TIME 100 Talks
June 17, 2020 5:44 AM EDT

Ayushmann Khurrana has made a name for himself as the rare Bollywood star who takes on socially conscious roles that are also big commercial hits across India.

His breakthrough film in 2012, Vicky Donor, cast him as a sperm donor and dealt with infertility. Earlier this year, he became the first mainstream Bollywood actor to play a gay man in a leading role in Shubh Mangal Zyada Saavdhan (Extra Special Wedding)—a comedy about a same-sex wedding in a small town.

Khurrana said at the TIME100 Talks event Wednesday that he believes playing unconventional roles can be help bring about progressive change and unite India, which has struggled with social and religious divides, particularly in recent months. The country’s 1.3 billion people belong to a variety of religions, with 22 languages recognized in the Constitution and hundreds more indigenous languages. Some two-thirds of the country live in rural areas.

“We have no dearth of taboo subjects or social issues in a country and that provides a lot of fodder for great cinema,”he said.

Wednesday’s event also featured AI pioneer Kai-Fu Lee, tennis star Naomi Osaka, former U.N. Secretary General Ban Ki-moon, and a performance by K-pop group Monsta X.

The 35-year-old star said it’s not enough to make meaningful films for critics and art-house theaters. “It’s just like preaching to the converted,” he said. Instead, he would rather “show it in a very engaging and an entertaining way so that it reaches the grassroot level.”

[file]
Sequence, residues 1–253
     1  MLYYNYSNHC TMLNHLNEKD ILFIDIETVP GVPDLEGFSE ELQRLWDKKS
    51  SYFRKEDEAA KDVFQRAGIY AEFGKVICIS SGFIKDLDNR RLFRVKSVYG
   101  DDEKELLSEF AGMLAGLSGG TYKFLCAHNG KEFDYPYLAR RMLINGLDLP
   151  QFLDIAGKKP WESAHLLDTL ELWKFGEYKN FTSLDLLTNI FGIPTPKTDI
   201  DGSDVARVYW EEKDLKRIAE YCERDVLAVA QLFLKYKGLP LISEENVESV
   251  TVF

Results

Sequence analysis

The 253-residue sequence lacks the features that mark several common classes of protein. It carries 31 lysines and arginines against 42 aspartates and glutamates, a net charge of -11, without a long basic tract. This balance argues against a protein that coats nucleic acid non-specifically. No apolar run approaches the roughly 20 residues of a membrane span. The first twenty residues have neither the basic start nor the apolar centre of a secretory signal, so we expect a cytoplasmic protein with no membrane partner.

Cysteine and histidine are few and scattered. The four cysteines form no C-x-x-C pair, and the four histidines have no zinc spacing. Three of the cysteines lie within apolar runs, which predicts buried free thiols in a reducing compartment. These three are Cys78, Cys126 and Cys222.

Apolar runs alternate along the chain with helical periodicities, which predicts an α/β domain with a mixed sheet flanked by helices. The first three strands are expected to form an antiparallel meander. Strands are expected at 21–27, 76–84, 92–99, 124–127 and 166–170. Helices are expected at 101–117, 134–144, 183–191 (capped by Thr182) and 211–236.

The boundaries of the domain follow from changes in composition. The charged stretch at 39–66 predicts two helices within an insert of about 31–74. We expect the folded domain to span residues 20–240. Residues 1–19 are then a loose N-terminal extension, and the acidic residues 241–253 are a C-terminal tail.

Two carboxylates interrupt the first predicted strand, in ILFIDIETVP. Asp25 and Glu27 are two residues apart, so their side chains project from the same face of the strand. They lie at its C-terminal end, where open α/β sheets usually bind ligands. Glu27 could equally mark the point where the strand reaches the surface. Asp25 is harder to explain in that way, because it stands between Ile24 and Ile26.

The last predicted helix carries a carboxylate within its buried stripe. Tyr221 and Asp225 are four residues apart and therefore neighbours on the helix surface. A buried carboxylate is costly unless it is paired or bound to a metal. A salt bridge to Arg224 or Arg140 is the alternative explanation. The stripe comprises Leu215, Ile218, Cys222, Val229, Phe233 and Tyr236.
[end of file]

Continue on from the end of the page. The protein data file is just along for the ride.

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Last year, Khurrana starred in Article 15, a film allegedly inspired by the 2014 gang rape allegations in Badaun district. Khurrana played a police officer tackling racism and the dismissal of caste-based crimes in rural India. The actor recognizes that telling stories about discrimination and representing marginalized people—as he did when playing a gay man—”comes with a great sense of responsibility.”

Tackling hard social issues doesn’t necessarily mean having “dwell in the darkness” of society, Khurrana said. Instead, he believes it’s important for films to show not just what society is right now, but “what society can become.” From pollution to climate change, Khurrana believes Bollywood should use cinema as a vehicle for tackling difficult subjects.

Beyond cinema, Khurrana is using his platform in India to advocate for social causes. During the pandemic, he has written poems of gratitude for frontline workers. On June 14, Khurrana took to social media to mourn the loss of his friend and fellow actor Sushant Singh Rajput who died by suicide on June 14.

“We don’t take mental health seriously,” Khurrana said about India, which has one of the highest suicide rates in the region. “We need to stay connected. That’s a basic human need.”

If you or someone you know may be contemplating suicide, call the National Suicide Prevention Lifeline at 1-800-273-8255 or text HOME to 741741 to reach the Crisis Text Line. In emergencies, call 911, or seek care from a local hospital or mental health provider.

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